Paris’s Only Chateau Hotel, the Newly Renovated Saint James, Is the Perfect City Escape

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On a recent week-long Paris vacation, my family and I did what we felt we were both privileged and obligated to do: We threw ourselves headlong into the city. We walked! We dined! We made our way through museums and parks and puppet shows and up and down early morning and late-night boulevards, stopping along the way for everything from sugary breakfast waffles to champagne or espresso (grownups) and gelato (kids) nightcaps! In short, we joyfully exhausted ourselves, day after day and evening after evening.

And then we did something really smart: For a respite from—and amidst—it all, we checked ourselves in the Saint James hotel for a few gorgeous days of sumptuous, sun-kissed rest and relaxation.

Tucked away in Paris’s quiet, leafy 16th arrondissement—just a few steps away from Avenue Foch and a short walk from the haute shopping end of the Champs-Élysées—the building that now houses the Saint James was built in 1892 at the direction of the widow of the former French president Adolphe Thiers to house scholarship students from the Thiers Foundation. Students—only 15 at a time—had the run of this gorgeous neoclassical building for a term of three years. Later, the building and surrounding 50,000-square feet of gardens became a private club, and since 1991 it has functioned as a hotel—now part of the Relais & Château collection—while continuing to host club members.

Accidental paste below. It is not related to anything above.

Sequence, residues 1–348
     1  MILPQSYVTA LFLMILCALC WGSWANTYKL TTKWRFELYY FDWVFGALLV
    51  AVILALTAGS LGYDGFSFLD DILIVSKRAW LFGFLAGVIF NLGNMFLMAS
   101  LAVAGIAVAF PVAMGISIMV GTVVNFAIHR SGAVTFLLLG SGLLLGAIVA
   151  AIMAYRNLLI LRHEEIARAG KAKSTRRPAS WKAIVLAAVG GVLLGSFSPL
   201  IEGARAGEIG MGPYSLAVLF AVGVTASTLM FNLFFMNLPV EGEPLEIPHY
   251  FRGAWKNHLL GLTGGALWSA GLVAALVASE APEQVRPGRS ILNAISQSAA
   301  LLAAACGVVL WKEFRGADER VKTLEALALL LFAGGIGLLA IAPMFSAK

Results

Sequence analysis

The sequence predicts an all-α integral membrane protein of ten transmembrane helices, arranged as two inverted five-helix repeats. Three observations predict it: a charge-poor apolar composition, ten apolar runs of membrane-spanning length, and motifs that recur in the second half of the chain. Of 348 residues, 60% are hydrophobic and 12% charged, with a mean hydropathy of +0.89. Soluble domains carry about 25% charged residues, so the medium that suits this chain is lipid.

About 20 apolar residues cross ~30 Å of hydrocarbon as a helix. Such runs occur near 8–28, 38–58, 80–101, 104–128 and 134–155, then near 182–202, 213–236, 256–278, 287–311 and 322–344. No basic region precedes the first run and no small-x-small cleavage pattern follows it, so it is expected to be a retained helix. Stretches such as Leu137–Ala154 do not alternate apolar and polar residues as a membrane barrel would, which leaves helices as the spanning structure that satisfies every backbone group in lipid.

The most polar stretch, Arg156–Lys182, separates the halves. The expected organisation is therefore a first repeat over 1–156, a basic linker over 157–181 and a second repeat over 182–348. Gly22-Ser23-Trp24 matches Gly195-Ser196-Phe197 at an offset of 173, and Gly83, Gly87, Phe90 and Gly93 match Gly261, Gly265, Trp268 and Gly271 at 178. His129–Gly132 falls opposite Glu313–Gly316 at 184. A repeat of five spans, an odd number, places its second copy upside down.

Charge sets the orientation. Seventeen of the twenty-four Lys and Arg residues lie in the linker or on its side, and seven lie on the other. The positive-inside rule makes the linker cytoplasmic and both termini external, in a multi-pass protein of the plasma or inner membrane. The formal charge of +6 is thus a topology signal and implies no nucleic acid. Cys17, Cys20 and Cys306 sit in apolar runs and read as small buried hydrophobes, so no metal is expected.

Just prior to our arrival, the entire property—which now features 50 rooms and suites, including duplexes and two ground-floor suites with terraces—had been reimagined and updated by French interior designer Laura Gonzalez, who kept all that was wonderful about the place, from the bones to its stately 19th century tiling, while imparting a brighter, more playful vibe to the grandeur with geometric patterning, Versailles parquets, and Art Deco touches, artfully juggling styles and textures and colors. (Gonzalez also made ample use of homegrown talent, bringing together fabrics by Maison Pierre Frey and Le Manach, frescoes and plasterwork by Sofrastyl and Atelier Roma, custom rugs by Pinton, and lighting from Patrice Dangel and Jean Roger Paris.)


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